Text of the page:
The House Public Education Committee held its first meeting of the 87th legislative session Tuesday, March 2.
Chair Harold Dutton began the meeting by thanking the previous chair, Rep. Dan Huberty, for guiding the Legislature through the adoption of HB 3, historic school finance legislation he said would be used as a launching pad this session. Dutton recognized Rep. J.M. Lozano as the vice-chair for the committee. He also introduced Tamoria Jones as the new committee clerk, noting that she has worked with him for eight years and most recently was legal counsel for the Texas Charter School Association.
Commissioner of Education Mike Morath shared highlights from a 150-slide presentation, including:
Optional Beginning of Year (BOY) Assessment (slide 8) — Morath said that TEA used the results of a new state-developed tool, the optional BOY assessment, to extrapolate data. He noted that while the extrapolated data from the agency study indicated students were 3.2 months behind in reading and math, it was not feasible to make comparisons in data since this optional assessment did not exist in previous years.
COVID Adjustments to Assessment and Accountability (slide 9) — While discussing adjustments he has the authority to waive, such as SSI requirements, Morath stressed that he does not have the authority to waive graduation requirements. Rep. Diego Bernal said that the Legislature is the only entity that could grant relief to high school students. Bernal said that he had filed HB 999 to make it easier for students seeking eligibility for an Individual Graduation Committee (IGC). Rep. Dan Huberty said that he has filed HB 1603 (identical to Sen. Kel Seliger’s SB 177) that would remove the expiration date for IGCs.
COVID Enrollment Declines (slide 10) Morath shared data showing the highest enrollment declines were in pre-K and kindergarten and an actual increase in grades 9-12 enrollment.
Hold Harmless Status (slide 11) — Rep. Steve Allison said that the extension of the funding hold harmless provision for this school year was a huge concern to legislators, reminding Morath of the letter he wrote (and many other legislators co-signed) that urged funding be assured as soon as possible. Morath responded that he believed a majority of districts were making great efforts and that the delay in extending the provision was due to contemplating how to “align incentives.”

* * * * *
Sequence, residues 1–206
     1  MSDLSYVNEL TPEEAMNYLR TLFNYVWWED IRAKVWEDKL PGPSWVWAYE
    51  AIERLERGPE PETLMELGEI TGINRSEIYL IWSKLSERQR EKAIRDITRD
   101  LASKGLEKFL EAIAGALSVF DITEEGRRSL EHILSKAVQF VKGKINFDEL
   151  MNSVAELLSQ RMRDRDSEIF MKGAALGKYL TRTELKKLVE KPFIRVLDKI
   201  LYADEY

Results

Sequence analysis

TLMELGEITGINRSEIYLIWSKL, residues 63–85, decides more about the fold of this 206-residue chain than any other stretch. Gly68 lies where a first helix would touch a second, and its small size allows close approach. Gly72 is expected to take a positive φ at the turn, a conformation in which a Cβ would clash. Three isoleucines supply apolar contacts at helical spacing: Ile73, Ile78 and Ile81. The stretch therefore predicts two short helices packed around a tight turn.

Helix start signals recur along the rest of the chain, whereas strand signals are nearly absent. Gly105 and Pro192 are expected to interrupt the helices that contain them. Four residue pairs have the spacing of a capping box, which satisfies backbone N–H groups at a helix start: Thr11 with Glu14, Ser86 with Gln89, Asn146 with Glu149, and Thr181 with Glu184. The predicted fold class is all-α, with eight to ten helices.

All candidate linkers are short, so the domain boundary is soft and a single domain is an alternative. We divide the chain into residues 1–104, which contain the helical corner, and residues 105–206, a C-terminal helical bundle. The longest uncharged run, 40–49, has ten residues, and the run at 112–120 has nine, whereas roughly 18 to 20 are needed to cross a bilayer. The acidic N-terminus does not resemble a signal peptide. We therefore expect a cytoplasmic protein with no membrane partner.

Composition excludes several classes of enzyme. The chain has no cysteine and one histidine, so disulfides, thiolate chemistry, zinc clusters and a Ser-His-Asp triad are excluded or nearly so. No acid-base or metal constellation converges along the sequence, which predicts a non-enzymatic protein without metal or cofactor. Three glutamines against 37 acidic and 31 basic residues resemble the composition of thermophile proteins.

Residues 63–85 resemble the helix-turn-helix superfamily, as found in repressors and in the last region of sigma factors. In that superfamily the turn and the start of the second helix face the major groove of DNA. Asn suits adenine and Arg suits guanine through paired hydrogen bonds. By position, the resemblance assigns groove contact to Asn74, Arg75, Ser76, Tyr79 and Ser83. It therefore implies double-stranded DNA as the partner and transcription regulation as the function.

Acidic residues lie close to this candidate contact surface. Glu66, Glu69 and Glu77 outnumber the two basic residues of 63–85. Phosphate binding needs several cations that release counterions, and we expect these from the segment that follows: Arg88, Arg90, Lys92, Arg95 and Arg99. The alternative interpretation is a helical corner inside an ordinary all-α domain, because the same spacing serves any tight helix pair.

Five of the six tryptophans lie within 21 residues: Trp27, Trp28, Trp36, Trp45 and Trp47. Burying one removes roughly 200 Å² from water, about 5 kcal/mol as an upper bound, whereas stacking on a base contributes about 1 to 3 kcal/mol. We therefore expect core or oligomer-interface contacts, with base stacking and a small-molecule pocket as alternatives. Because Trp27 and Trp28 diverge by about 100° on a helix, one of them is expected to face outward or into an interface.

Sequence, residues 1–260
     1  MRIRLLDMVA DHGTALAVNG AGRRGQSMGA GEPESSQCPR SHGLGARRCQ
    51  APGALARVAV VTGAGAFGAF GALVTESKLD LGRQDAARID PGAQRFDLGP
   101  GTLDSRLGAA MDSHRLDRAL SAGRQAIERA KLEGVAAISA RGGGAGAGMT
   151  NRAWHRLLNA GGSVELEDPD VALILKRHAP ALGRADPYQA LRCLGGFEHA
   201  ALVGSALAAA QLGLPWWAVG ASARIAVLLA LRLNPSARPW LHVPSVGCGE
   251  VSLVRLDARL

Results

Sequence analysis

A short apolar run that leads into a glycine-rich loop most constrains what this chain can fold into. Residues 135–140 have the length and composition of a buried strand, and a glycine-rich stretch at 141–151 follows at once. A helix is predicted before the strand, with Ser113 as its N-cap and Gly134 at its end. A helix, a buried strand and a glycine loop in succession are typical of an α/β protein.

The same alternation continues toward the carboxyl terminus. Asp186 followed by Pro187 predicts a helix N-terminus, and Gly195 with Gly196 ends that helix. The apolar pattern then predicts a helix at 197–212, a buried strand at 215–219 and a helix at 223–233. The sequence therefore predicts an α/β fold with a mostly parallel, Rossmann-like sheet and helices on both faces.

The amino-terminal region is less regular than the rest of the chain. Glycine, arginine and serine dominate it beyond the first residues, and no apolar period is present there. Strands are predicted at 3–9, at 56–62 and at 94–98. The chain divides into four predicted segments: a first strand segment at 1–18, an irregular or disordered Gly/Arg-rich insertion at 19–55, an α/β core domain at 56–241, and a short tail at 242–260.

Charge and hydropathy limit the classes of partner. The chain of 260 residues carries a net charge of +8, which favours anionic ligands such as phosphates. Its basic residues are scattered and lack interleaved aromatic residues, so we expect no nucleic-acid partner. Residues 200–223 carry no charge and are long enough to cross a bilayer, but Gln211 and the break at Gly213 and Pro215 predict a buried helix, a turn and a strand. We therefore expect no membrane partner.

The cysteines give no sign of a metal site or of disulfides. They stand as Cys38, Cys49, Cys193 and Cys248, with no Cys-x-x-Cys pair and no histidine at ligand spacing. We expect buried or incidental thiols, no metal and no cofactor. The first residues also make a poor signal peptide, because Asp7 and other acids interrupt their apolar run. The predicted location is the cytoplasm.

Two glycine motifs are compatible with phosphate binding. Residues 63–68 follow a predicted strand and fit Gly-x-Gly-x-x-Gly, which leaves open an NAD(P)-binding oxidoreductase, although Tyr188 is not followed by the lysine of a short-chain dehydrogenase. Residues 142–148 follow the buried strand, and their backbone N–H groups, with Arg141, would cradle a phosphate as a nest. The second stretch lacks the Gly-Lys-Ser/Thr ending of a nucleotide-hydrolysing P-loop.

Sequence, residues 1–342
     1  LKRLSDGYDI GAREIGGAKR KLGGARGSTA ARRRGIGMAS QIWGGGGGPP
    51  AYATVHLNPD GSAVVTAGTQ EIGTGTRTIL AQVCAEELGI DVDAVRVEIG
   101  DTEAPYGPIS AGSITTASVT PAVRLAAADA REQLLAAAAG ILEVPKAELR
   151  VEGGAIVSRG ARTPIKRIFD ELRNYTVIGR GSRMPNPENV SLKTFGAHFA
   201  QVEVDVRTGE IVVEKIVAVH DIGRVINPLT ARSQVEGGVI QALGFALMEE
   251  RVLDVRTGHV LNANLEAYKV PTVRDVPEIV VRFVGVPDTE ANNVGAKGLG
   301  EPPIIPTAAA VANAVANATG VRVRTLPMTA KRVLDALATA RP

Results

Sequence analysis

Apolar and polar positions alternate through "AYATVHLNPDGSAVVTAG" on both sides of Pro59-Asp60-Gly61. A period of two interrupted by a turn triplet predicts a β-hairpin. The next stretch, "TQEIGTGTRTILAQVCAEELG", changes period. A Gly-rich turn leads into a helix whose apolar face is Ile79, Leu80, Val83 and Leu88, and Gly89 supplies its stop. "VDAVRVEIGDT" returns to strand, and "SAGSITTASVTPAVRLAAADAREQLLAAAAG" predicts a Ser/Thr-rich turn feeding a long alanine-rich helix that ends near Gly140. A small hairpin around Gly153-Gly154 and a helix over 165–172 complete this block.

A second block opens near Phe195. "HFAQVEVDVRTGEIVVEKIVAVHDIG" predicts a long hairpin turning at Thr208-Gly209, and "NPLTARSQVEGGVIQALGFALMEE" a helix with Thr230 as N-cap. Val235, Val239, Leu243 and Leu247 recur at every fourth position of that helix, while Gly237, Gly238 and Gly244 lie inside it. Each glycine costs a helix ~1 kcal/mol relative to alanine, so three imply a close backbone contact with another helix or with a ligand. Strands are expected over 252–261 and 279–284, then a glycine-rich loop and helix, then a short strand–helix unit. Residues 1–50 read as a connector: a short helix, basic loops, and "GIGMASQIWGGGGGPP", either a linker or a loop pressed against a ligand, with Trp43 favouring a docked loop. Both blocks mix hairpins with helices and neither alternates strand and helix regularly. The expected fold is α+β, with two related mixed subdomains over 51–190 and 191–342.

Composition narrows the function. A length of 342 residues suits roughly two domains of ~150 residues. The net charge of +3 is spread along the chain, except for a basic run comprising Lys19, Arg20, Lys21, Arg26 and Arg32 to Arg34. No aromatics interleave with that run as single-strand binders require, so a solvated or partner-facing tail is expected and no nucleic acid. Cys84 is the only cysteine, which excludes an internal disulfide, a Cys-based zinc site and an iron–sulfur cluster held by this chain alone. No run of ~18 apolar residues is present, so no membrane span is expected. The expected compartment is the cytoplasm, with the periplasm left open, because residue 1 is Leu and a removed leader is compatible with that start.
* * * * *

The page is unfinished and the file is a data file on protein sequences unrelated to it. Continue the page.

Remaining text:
Fund Balance (no slide) — Rep. Dan Huberty asked Morath to share information on school district fund balances. Morath said that in 2019-2020 there was $14.7 billion in fund balances, and in 2020-2021 (post HB 3) there is $15.3 billion. He said that, as part of FIRST ratings, districts are advised to keep a 90-day cash flow, and out of the $15.3 billion balance, $8.3 billion would be needed to cover that time period. Huberty pointed out the resulting $7 billion in excess funds.
Learning Loss (slides 12-14) — Morath said the state is bridging the digital divide with Operation Connectivity (slides 18- 22), and deciding the future of hybrid/remote instruction. He stressed that the emergency rules for remote instruction are in effect only for 2020-2021 (slides 23-25).
Morath shared HB 3 updates and unintended consequences (slides 26-31) including: the interplay with small districts and CTE funding; structure of the Fast Growth Allotment; CCMR bonus (students who graduate with an associate degree don’t qualify for the bonus); that the school safety allotment passed independently of HB 3, which allocated money to a chapter that no longer exists; significant increase in compensatory ed funding that forces districts to spend in one year or lose.
Morath also gave an HB 3906 update (slides 32-36) stressing that legislative action would need to be taken if the state is to move to an electronic administration of all assessments by 2022-2023 and that training and resources for such a transition would need to be made available this upcoming school year. He said that findings for the HB 3906 feasibility study suggest expanded use of the TIMA be used to cover internet connectivity and online testing training, and/or establish matching grant funds as infrastructure investment for small and rural districts. Morath also said that legislative action was needed regarding the retesting of students in grades 5 and 8 in reading and math (Student Success Initiative grade advancement requirements) as retesting won’t align with new item types required by HB 3906.
Future House Public Education hearings are expected to be scheduled for 8 a.m. on Tuesday mornings during the 87th legislative session.